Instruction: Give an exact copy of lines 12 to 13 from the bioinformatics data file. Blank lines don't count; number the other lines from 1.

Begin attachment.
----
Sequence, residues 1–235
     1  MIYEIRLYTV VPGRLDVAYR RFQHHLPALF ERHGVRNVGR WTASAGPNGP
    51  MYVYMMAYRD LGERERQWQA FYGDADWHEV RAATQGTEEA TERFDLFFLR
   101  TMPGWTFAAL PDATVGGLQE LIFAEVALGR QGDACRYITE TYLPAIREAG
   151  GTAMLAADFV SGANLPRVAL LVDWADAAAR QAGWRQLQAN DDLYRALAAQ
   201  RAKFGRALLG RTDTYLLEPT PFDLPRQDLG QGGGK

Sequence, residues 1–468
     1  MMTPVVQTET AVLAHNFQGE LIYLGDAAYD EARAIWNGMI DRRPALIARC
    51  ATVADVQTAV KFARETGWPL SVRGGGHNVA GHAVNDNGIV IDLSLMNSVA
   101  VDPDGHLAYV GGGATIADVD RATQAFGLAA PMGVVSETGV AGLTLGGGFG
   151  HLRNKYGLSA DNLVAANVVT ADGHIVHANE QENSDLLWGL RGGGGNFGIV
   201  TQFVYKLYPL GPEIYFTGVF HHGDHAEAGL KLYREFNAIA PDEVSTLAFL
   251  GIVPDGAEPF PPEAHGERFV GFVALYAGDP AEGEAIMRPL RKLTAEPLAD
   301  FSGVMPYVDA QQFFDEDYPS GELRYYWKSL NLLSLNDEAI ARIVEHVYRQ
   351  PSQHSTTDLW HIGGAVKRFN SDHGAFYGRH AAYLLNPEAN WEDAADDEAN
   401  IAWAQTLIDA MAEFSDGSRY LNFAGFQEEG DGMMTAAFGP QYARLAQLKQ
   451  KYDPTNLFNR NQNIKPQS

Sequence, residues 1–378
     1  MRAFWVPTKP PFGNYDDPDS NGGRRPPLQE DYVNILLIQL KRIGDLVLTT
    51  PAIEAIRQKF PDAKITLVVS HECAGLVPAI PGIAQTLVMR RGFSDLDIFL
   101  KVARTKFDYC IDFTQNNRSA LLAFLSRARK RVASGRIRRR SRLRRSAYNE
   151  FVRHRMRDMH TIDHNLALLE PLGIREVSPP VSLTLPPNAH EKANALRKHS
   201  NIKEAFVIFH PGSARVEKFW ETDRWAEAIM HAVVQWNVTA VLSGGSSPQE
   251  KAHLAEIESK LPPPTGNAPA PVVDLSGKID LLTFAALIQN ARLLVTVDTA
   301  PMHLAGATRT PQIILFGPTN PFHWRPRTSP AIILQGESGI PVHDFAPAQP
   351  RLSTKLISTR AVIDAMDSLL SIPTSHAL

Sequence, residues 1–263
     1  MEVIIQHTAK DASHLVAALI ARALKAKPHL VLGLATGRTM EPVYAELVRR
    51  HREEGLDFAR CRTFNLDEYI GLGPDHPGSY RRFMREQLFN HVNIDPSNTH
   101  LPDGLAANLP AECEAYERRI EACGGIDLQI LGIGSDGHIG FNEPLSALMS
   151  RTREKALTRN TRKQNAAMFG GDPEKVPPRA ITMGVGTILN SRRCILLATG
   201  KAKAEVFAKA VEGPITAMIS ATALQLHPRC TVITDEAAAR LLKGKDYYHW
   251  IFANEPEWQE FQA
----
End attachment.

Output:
   201  TQFVYKLYPL GPEIYFTGVF HHGDHAEAGL KLYREFNAIA PDEVSTLAFL
   251  GIVPDGAEPF PPEAHGERFV GFVALYAGDP AEGEAIMRPL RKLTAEPLAD